What were your
inspirations for founding the Dubrovnik
It seems that I always start every interview here in Croatia by mentioning that my father Ivo was born in Zagreb. That’s because I want people here to know that, although I was raised in America, I am not just another transplanted foreigner. I have deep roots here. I’ve named the apartment I bought in Dubrovnik “Full Circle” because that’s how it felt when I came back to Croatia, as if I was completing a circle. My father and his parents left Zagreb to move to the United States, and I have left the States to come back to Europe. The first time I visited Dubrovnik was in 1958 when I was two years old. We used to come regularly to Dubrovnik or to Opatija in the summers, and those were such happy days. I suppose that one reason I returned to Dubrovnik was to recapture that childhood happiness. And I am pleased to report that I’ve been very successful in doing that! I love every second, every minute and every day here. However, as I started spending more time here I also began to feel a certain frustration that many of my friends here share. Although Dubrovnik has many moments when it feels alive, particularly in the summer months, there are also times when it feels a little too silent, both for visitors and residents. Having a background in theatre I decided to do something about that. By launching our Festival in April – May, we hope to turn that off-season into an on-season.
Why are Shakespeare and Dubrovnik such a perfect
The playwright Ben Jonson, who knew Shakespeare, wrote that “He was not of an age but for all time.” The same is true of Dubrovnik. Both have withstood time, one with its stone walls, the other with enduring words. Both display power, beauty and grace. Both bear witness to tragedy and much joy. And there is an air of romance common to both. On a personal level, one is my favorite writer and the other is probably my favorite place. Walking the old city, one immediately understands that it looks much the same as it did in the 16th and 17th centuries when Shakespeare was alive. Marin Držić, were he to revisit today, would see familiar stone façades and still know how to get from A to B. Dubrovnik is a perfect natural stage for holding performances of both Shakespeare and Držić. The famous Summer Festival has taken wonderful advantage of that fact for 61 years, and we aim to begin doing the same starting next year. There are very few places in the world so ideal for such performances. And although our festival is named after Shakespeare, by no means will it be limited to his plays. Even the most ardent theatre lover would probably grow weary of seeing only Shakespeare. So, as with the best Shakespeare festivals around the world, for instance the Oregon Shakespeare Festival, our backbone will be performances of Shakespeare but we will also do many other plays by many other writers. Marin Držić will play an important role in our festival. And in future years, I would love to give young Croatian and foreign playwrights both an opportunity to present themselves and their work. Theatre has to keep reinventing itself, otherwise it risks becoming something stale.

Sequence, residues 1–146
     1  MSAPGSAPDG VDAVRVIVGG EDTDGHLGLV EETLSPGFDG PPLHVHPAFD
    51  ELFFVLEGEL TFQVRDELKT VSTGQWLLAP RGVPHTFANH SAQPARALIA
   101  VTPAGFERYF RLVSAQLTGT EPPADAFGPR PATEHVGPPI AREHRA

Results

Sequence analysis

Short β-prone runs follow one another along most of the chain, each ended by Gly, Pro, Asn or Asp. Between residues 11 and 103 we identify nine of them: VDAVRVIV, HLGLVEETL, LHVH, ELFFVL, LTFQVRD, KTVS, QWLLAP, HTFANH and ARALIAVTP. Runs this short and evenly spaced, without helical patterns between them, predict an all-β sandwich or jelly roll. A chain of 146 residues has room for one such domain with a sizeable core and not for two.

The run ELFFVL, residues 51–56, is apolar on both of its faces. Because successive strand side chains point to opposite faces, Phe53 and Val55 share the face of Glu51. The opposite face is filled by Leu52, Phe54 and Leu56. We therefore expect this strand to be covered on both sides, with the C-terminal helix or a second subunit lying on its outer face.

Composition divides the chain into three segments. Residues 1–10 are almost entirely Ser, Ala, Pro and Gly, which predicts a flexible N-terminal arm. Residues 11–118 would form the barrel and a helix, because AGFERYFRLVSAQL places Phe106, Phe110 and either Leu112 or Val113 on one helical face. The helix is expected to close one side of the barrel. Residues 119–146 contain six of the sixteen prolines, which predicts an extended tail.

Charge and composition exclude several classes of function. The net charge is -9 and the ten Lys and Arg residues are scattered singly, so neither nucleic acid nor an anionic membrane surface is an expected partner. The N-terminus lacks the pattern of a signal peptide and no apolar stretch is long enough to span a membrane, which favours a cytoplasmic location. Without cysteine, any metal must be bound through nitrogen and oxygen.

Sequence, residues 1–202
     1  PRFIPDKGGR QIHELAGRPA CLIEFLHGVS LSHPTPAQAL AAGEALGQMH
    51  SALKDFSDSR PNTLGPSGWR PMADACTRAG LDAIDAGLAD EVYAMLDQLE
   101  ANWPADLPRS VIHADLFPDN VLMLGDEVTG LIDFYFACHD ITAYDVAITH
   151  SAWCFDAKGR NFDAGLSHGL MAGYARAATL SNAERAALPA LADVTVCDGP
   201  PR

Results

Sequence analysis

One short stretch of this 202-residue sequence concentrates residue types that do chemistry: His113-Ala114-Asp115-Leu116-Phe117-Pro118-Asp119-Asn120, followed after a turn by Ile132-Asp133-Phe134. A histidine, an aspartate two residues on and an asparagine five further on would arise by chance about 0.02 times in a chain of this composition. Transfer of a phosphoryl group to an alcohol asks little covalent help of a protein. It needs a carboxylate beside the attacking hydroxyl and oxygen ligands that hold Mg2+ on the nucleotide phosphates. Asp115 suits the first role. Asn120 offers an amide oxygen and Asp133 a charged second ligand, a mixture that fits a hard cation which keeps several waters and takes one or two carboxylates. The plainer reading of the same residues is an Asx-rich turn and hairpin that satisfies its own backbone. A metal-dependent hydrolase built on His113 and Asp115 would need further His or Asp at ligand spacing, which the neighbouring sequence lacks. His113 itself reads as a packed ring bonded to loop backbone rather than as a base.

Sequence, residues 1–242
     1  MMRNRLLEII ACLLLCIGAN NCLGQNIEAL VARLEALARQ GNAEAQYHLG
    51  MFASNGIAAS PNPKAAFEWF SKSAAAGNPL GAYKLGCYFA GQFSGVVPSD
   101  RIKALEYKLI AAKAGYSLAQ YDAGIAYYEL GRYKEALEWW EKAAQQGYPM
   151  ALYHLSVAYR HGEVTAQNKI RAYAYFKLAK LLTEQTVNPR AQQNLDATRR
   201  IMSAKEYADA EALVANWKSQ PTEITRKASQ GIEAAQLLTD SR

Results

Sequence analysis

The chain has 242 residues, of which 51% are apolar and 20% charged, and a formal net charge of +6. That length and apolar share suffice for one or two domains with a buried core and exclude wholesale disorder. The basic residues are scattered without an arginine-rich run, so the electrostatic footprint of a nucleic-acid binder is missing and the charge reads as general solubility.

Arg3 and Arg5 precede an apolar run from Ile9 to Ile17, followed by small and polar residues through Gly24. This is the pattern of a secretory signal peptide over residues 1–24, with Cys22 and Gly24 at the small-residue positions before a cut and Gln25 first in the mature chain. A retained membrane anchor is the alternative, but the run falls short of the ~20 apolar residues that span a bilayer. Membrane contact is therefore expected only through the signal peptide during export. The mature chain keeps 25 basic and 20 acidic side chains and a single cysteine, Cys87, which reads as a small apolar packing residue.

How difficult was it for
the seed of the idea of a festival to grow into reality?
We have had tremendous support and encouragement. Largely because the festival aims to serve two different groups: the residents of Dubrovnik, and also guests who will come because of our festival. I use the term guest and not tourist because “tourist” seems to imply someone who will come and go quite quickly, whereas a guest will stay longer and take time to experience the city, its culture and its people. On a practical level for Dubrovnik, we want to help fill hotel beds, restaurant tables and café bar chairs. The weather here even in January or February, and most certainly in April and May, is already like a tropical vacation for guests coming from northern Europe. We chose the dates 23 April – 7 May after discussions with Mayor Vlahušić and Pave Župan Rusković from Destination Management. It was suggested that around the 1st of May is a good shoulder time between the off and on seasons. Also many people have holiday time during that period when the city is not nearly as crowded as in the summer. You can walk the streets in the warm air at some leisure and get a great sense of the soul of Dubrovnik. What’s more, we have chosen to open the festival on the 23rd of April which is a day celebrated all over the world as Shakespeare’s birthday. And the 2nd of May marks the anniversary of Drzic’s death. So we aim to pay homage to both those writers.